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Excerpt from Oral History Interview with MaVynee Betsch, November 22, 2002. Interview R-0301. Southern Oral History Program Collection (#4007) See Entire Interview >>

A black man earns respect in a segregated southern city

Betsch remembers her great-grandfather and her father, both of whom possessed a steely reserve. Without raising his voice, her great-grandfather carved out a niche in segregated Jacksonville, earning the respect of his white peers.

Citing this Excerpt

Oral History Interview with MaVynee Betsch, November 22, 2002. Interview R-0301. Southern Oral History Program Collection (#4007) in the Southern Oral History Program Collection, Southern Historical Collection, Wilson Library, University of North Carolina at Chapel Hill.

Full Text of the Excerpt

KIERAN TAYLOR:
Where did you begin singing?
MA VYNNE BETSCH:
Hmm, well, we had a little glee club in high school, but I was mainly piano. My mom was the singer at the—she had this choir at the church, Mount Olive AME Church. Oh it was so great because my great grandfather would get so furious. God, this preacher was long winded. You see you'd have to, the game was to get to the beach at two o'clock. So he would give my mother the little wink—mother would, everybody had a certain spot where you sat in the church. My great grandfather of course being the elder sat certain here. My mom sat on this side. Mother would get up and get on the seat at the organ press that power button and drown, drunn, drunn, drunn and by [unclear] . It's time to go the beach. [unclear] shut him down. So a little after two we would be leaving for the beach. But Mother had a gorgeous voice. She was a contra-alto. She had a quartet, a men's quartet. I never, they used to rehearse in—I think that's how I loved hearing with the singing part although I was a piano major. But my mom would, she'd sing all the voices. She could do it. She had a wide range and they would come to the house to practice. I've had all this in my background, all this hearing this and the music. My great grandfather, every Sunday hearing him talk and philosophize about life.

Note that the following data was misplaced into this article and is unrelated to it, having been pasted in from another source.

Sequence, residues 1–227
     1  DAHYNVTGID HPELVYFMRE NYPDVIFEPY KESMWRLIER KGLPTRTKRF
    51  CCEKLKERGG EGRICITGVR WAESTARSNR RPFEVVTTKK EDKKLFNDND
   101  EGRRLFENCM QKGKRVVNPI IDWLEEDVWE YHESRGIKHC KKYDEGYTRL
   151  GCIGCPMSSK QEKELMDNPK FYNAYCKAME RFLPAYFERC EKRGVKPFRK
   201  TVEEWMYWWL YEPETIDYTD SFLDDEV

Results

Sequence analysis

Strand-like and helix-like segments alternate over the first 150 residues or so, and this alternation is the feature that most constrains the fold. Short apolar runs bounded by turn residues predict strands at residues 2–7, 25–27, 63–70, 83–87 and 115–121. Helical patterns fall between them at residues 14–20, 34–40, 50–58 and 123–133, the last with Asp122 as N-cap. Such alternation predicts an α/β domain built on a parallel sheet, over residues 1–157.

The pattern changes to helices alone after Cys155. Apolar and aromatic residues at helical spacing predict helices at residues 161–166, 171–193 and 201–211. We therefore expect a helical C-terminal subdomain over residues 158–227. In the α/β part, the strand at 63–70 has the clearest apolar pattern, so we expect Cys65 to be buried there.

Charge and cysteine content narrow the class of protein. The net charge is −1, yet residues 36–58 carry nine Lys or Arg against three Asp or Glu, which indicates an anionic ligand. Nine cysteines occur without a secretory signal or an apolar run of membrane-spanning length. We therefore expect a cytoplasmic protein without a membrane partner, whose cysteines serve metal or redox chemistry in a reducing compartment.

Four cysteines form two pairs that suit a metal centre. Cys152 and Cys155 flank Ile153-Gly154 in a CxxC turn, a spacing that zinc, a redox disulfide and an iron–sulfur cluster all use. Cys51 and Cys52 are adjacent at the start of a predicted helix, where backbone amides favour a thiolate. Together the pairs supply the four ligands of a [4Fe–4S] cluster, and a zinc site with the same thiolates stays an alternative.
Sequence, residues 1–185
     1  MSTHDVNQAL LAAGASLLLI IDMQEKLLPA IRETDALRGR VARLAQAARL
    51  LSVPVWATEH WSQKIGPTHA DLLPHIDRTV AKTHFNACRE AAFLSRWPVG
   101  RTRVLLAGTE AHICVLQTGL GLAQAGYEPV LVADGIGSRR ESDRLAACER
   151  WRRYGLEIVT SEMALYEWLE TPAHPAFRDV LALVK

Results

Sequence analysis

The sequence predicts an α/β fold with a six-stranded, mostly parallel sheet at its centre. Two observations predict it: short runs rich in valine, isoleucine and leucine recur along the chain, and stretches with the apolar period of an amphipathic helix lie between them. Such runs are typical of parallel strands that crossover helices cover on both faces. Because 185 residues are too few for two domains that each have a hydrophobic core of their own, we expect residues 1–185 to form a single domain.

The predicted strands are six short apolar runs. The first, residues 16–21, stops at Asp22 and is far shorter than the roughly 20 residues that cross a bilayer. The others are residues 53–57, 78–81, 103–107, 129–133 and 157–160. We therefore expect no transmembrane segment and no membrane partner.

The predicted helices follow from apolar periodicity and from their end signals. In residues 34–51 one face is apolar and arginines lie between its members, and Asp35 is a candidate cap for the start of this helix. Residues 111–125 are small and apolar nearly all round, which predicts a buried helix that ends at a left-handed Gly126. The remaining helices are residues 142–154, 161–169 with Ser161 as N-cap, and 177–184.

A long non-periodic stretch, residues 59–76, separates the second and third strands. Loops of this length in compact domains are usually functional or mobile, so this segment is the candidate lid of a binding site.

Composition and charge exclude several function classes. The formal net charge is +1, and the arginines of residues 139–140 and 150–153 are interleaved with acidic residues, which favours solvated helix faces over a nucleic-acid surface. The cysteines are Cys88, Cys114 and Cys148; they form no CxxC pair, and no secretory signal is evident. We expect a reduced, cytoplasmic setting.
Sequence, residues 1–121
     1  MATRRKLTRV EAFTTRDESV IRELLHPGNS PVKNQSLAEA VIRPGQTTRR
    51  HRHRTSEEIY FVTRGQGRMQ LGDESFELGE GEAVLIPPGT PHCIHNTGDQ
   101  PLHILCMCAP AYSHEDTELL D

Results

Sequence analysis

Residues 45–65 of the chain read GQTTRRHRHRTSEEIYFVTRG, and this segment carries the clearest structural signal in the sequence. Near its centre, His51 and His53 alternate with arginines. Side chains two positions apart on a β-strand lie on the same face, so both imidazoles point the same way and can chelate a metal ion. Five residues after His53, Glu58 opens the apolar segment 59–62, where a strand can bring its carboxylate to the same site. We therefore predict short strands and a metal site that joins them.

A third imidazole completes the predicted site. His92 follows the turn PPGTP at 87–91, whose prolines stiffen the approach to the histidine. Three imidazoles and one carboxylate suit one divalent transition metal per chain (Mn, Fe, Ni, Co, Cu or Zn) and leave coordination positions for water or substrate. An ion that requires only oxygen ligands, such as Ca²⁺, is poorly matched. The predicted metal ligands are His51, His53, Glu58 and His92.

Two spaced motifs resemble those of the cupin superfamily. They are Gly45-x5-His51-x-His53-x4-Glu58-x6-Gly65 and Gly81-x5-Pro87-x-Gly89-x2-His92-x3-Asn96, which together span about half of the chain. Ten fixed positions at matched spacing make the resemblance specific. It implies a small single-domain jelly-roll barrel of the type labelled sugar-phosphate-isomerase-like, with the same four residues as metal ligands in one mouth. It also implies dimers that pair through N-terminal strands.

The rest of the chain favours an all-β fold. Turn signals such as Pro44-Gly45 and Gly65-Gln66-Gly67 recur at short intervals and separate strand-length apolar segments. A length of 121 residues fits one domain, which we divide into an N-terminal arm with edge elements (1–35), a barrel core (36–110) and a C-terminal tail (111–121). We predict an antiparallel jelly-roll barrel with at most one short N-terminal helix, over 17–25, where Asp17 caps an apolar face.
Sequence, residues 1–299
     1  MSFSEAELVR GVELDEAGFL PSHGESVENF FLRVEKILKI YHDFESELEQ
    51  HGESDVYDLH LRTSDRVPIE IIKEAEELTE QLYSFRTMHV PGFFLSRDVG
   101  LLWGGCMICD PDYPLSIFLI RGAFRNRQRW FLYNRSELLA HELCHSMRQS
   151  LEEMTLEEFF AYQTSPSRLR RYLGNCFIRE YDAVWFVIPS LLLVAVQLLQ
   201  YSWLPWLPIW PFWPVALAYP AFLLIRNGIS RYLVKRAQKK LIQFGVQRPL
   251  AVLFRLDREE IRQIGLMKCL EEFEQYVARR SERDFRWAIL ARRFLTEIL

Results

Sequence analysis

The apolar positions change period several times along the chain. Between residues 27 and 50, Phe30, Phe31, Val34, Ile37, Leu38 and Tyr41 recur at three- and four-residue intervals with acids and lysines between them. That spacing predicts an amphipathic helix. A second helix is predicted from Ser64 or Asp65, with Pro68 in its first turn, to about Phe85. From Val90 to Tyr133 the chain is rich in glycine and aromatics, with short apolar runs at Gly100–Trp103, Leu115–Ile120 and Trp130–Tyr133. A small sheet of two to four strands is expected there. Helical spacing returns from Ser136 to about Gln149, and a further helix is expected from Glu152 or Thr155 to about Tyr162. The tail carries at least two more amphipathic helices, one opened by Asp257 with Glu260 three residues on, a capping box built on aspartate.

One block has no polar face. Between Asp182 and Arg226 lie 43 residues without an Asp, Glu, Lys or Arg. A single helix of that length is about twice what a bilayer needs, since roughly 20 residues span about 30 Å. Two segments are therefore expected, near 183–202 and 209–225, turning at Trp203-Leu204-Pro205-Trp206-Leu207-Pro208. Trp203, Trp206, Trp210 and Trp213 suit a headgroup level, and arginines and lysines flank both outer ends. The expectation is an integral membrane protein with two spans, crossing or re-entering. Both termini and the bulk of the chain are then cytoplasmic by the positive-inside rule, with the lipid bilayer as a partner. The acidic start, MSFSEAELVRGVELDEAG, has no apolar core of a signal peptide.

KIERAN TAYLOR:
What did he sound like?
MA VYNNE BETSCH:
Very soft spoken, never, never—we never had a spanking. We never, they never yelled at us. Never. I never heard a curse word in my life from him. No, no, nothing. But he had the most awesome stare. He would just stare at you and say nothing. You just want to crawl—what did I do wrong? Beautiful voice, beautiful voice—here's his picture. Black history calendar, 2001 there he is on the other side. Awesome man. Very dark. Small eyes. God [unclear] . I tell you he was a saint. Absolutely, absolutely. When he died, there were as many whites as blacks at the funeral. That may not sound like much now, but back in those days in the '40s in the South.
KIERAN TAYLOR:
This was prominent city people, mostly?
MA VYNNE BETSCH: